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Title: An engineering geology data base for urban renewal
Author: Howland, Albert Frederick
Awarding Body: University of London
Current Institution: Imperial College London
Date of Award: 1989
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Following a degeneration of many urban areas in recent decades, Government formed various Development Corporations with new powers to stimulate urban renewal. The London Docklands Development Corporation (LDDC) was one of the first. The thesis describes a role for engineering geology as a central function in urban renewal by developing the idea of data collation into a coordinated procedure to allow a continuing increase in experience and knowledge of the area. The process of 'urbanization' is described, together with the legislative history to the Development Corporations. Methods of geotechnical data storage and presentation are reviewed and considered within the needs of the LDDC. A system based on the use of microcomputer has been developed and is described. This requires only minimal staff and resource commitment. It provides for the transfer of data on floppy diskette and may be searched through a number of enquiry modules to extract and process the data. A reappraisal of the geology and hydrogeology has been undertaken. This concludes that there is no evidence for the Greenwich Fault, the dominant structural feature being a northwards plunging syncline, the Greenwich Syncline. A depositional model developed for the Woolwich and Reading Beds indicates a number of transgressions and shows the area to be at the transition between marine and lagoonal facies separated by a series of migrating sand bars. The Thames Gravels correlate with work in the Middle and Lower Thames Valley and a further erosion level has been identified represented by the Silvertown Gravel. Groundwater levels are shown to be rising and are modelled to show their sensitivity to the urban setting. An assessment of the engineering parameters of the Formations has been made. This shows a variation in the Woolwich and Reading Beds that correlates with the proposed depositional setting, that the London Clay conforms to the expected regional variations and that the Thanet Sand is a locked sand. The nature and problems of made ground are described. A number of examples illustrate the engineering geological problems experienced during the process of urban renewal in the Docklands. The approach described is considered to be applicable to other areas.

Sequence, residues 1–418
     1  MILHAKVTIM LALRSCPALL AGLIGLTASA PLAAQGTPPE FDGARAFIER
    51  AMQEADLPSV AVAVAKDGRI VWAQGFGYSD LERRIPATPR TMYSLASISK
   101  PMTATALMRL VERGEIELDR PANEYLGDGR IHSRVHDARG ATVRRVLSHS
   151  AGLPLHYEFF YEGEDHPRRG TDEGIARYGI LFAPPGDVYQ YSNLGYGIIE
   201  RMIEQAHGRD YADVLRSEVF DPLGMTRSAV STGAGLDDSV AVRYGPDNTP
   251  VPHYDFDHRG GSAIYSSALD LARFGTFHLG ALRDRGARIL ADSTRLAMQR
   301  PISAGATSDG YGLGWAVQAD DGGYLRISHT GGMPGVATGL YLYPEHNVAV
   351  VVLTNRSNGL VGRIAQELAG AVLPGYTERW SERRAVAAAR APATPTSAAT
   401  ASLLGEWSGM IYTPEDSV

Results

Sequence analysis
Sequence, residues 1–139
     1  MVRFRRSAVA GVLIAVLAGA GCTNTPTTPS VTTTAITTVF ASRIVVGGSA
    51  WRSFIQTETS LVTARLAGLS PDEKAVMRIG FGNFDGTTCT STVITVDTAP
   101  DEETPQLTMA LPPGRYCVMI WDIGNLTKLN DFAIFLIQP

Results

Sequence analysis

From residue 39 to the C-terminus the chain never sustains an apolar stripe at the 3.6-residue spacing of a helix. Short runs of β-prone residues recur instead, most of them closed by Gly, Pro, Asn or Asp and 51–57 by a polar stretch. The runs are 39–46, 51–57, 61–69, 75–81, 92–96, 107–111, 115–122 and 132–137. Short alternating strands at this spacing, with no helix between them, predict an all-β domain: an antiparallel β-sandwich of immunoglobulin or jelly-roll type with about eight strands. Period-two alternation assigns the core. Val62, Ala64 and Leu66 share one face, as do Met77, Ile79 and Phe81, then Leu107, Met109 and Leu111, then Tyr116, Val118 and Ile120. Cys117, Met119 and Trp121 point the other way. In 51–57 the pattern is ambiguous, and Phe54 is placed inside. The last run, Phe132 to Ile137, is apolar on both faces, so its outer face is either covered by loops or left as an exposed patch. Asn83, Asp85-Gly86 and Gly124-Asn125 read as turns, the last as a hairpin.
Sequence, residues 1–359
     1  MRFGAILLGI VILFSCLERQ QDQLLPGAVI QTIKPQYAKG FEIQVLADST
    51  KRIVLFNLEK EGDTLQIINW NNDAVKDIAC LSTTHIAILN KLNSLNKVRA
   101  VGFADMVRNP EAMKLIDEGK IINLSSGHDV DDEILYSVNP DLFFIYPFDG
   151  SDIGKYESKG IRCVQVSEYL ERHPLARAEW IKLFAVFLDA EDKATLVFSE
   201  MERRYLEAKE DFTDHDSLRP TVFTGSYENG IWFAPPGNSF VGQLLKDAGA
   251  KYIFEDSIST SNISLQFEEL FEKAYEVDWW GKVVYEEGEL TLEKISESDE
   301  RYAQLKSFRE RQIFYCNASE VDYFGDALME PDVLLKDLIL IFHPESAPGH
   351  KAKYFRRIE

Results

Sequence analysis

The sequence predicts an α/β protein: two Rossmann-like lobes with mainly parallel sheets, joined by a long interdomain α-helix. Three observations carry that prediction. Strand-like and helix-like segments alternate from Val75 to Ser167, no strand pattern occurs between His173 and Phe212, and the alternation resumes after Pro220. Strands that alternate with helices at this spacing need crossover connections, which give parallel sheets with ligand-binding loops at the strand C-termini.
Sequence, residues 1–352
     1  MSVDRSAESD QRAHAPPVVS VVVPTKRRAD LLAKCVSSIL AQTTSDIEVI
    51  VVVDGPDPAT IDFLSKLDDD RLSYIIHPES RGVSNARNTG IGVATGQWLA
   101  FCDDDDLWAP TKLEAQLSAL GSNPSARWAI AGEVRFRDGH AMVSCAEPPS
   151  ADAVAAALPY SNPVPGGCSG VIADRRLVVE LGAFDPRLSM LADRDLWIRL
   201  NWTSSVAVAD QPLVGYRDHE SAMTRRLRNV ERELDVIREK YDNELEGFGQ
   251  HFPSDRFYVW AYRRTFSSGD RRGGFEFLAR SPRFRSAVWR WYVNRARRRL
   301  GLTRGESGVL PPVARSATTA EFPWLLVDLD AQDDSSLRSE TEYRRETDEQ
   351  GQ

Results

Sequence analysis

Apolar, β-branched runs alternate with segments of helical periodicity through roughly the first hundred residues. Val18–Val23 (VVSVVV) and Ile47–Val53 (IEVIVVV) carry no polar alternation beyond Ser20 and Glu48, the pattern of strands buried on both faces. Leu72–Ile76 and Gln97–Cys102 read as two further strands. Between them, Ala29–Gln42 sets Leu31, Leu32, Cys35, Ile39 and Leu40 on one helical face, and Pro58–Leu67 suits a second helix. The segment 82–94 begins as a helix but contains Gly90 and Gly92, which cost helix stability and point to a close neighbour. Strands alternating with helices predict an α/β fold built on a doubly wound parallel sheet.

Supervisor: Knill, John Sponsor: Not available
Qualification Name: Thesis (Ph.D.) Qualification Level: Doctoral
EThOS ID:  DOI: Not available